You have to hand it to the Tories, they really do have infernal brass neck (No, I’m not referring to Lord Young helpfully reminding us that the Tory upper classes don’t do recessions, only their commoner subjects who they may not notice below their ken). I’m referring to the Cabinet Office Minhister, Francis Maude, announcing that he wants to “liberate public sector workers” by setting up mutuals to replace public services. Shades of Lansley, Health Minister, earlier issuing a White Paper cheekily entitled ‘Liberating the NHS’ by setting up 500 (mandatory) GP consortia. Leave aside that in both cases this verbal sleight-of-hand represents a prelude to full-scale privatisation. Leave aside that people don’t want to be ‘liberated’ when it means greater insecurity, loss of State-supported pension rights, and possible buy-outs. The real point is that neither public sector workers nor the doctors want to be liberated from profoundly important services they deeply believe in.
But, since they mention it, maybe there is a place for this ‘liberation’ idea. Why doesn’t the Labour Party lead a campaign to liberate private sector workers who are subjected to dirt-poor wages, menial working conditions, poor management, job insecurity, and lack of opportunity (and reward) for improving their organisation? Just as the last Labour Government set up a valuable fund to provide seed money for small new businesses, why shouldn’t the next Labour Government equally provide funding for private sector workers to buy out their employers where they can provide a business plan to show they can manage the enterprise better themselves?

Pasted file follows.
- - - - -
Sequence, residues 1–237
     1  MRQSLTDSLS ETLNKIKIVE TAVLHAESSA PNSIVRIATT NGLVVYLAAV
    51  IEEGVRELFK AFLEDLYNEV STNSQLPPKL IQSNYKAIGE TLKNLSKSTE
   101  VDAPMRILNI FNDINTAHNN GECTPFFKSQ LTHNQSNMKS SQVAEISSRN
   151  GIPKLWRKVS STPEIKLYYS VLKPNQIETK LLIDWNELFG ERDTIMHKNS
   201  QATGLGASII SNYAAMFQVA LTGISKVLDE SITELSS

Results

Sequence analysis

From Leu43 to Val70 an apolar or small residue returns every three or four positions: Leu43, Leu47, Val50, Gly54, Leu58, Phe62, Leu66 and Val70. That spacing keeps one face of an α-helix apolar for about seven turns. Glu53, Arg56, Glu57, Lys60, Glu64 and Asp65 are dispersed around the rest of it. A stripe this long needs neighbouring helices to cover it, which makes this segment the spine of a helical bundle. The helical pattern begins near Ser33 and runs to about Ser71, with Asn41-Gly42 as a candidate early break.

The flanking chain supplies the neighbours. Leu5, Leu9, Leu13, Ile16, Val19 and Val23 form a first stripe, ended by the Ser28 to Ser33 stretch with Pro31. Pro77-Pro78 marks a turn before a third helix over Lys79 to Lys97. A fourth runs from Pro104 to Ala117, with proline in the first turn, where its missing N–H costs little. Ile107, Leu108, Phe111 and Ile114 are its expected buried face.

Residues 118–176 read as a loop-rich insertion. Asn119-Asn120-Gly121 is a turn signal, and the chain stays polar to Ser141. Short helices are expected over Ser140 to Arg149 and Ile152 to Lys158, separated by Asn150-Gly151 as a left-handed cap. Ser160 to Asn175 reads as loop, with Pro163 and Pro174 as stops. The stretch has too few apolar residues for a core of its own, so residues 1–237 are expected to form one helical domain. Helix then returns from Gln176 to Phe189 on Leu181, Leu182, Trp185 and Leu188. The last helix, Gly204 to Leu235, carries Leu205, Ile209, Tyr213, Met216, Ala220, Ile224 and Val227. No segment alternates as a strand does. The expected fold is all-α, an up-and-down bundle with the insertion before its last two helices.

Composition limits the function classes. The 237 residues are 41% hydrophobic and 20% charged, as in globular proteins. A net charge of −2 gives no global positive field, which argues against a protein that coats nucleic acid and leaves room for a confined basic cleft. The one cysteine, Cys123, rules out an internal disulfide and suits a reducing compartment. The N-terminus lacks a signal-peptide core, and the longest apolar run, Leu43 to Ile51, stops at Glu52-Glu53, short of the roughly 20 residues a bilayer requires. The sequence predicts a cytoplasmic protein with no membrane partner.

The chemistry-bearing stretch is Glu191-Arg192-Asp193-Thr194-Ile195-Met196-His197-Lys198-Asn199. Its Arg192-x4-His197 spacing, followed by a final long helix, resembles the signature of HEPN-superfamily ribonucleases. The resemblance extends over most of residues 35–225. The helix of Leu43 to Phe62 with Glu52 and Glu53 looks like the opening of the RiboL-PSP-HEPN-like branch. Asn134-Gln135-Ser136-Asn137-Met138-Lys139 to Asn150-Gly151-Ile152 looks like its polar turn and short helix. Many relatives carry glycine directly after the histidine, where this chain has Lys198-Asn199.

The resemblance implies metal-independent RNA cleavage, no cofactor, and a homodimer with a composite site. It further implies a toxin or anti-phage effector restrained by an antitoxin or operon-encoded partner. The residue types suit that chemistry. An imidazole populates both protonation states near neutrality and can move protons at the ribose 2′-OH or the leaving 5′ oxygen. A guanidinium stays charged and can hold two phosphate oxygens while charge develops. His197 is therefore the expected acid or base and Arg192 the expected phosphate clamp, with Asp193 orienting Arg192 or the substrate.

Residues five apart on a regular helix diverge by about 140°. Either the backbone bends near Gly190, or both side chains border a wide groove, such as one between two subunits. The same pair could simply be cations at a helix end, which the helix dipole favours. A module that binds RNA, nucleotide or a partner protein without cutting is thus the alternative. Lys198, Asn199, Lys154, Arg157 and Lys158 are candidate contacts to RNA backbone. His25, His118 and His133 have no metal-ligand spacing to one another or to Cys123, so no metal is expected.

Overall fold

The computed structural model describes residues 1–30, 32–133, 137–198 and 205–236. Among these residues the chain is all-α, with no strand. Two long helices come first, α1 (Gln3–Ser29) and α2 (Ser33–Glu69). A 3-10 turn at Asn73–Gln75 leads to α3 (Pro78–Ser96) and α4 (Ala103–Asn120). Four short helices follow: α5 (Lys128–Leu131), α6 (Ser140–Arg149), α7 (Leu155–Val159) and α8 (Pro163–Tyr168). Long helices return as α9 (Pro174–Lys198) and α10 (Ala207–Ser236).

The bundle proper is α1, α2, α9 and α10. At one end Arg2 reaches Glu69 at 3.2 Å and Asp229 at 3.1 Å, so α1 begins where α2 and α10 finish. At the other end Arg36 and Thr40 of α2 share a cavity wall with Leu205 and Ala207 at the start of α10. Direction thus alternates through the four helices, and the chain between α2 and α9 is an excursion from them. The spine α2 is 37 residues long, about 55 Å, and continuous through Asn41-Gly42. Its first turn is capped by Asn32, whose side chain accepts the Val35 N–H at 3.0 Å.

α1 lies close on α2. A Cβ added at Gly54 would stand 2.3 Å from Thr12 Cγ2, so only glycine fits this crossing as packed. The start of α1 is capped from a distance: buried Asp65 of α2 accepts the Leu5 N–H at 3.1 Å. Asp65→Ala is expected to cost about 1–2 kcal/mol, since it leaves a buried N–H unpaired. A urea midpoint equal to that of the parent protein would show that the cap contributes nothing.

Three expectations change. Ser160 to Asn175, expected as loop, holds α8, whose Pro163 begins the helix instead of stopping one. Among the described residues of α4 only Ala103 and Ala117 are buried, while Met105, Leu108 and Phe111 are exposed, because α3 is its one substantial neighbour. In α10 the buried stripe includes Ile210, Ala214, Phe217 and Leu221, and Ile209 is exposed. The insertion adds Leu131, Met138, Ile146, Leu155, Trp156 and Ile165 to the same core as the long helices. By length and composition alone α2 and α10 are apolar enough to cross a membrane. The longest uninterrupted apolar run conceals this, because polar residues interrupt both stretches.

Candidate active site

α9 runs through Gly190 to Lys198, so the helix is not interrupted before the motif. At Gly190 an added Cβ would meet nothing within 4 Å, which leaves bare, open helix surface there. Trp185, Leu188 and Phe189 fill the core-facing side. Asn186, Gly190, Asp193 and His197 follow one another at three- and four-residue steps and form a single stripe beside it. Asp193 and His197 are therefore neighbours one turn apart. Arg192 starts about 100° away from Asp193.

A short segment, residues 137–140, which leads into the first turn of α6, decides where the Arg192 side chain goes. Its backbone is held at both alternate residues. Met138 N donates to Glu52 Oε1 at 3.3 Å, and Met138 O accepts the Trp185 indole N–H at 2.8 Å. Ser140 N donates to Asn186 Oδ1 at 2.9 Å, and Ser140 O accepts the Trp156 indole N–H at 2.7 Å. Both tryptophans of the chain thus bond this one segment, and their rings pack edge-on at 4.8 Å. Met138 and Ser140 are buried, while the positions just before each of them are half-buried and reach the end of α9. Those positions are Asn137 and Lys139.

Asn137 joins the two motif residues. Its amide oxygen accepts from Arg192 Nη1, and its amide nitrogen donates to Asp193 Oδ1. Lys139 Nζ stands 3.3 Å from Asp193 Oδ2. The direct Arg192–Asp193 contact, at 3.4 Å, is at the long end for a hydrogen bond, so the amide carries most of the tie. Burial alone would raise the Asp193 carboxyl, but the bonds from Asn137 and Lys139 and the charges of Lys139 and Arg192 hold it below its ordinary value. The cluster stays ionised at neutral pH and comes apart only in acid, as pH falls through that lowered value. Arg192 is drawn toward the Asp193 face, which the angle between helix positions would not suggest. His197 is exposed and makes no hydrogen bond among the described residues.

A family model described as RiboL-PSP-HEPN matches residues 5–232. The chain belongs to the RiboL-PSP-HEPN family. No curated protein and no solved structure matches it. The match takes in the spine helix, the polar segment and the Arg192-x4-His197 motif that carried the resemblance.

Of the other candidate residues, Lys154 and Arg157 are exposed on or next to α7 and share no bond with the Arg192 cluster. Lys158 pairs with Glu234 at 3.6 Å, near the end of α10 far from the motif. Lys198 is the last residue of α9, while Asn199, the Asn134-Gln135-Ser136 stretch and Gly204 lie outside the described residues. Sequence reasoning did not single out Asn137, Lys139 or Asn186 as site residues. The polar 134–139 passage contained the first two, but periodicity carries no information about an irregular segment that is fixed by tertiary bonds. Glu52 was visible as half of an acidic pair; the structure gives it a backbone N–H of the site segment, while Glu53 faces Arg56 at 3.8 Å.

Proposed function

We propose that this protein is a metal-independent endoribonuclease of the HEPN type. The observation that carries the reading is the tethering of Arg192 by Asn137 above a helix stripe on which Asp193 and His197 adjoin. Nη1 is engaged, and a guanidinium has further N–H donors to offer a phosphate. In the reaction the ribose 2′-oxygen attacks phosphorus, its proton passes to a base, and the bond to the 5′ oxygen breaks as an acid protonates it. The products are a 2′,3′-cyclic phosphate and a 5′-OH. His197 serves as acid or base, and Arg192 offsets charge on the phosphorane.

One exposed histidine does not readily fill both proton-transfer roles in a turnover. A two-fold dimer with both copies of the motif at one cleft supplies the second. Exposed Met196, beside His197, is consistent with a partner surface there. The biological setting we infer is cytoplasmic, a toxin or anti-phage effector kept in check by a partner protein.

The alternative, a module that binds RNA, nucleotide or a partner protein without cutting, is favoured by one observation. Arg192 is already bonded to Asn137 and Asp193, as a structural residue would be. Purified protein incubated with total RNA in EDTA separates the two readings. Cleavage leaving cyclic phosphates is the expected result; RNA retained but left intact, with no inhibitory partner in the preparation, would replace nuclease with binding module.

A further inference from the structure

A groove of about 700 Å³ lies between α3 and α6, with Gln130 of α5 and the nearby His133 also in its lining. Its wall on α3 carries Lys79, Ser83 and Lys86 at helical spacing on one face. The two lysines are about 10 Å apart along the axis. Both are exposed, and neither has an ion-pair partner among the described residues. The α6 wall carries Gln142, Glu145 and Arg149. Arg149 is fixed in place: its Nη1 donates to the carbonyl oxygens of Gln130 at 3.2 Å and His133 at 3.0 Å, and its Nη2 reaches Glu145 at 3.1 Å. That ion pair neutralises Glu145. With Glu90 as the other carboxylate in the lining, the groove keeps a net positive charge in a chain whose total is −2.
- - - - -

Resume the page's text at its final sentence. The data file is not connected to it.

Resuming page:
There’s another point here too. The Tory argument is that all organisations should be run efficiently, and so they should be. But they should be run efficiently not to maximise profits for the employer, but rather to achieve all the objectives that good companies should meet. That includes high labour standards and enhancement of human capital, protecting the environment including minimising carbon emissions and reducing waste and pollution, as well as commitments to the local community. The next Labour Government should tax companies strictly in accordance with how they meet these criteria.
Moreover since the market has dramatically failed in banking, pensions, housing, transport and energy, the next Labour Government should bring in a major element of public sector competition in each of these strategic areas, if not in some cases restore a majority of public ownership. The collapse of market fundamentalism demonstrates starkly and painfully that a new post-neoliberal economic model is now urgently needed, and that can only involve a major extension of public sector principles.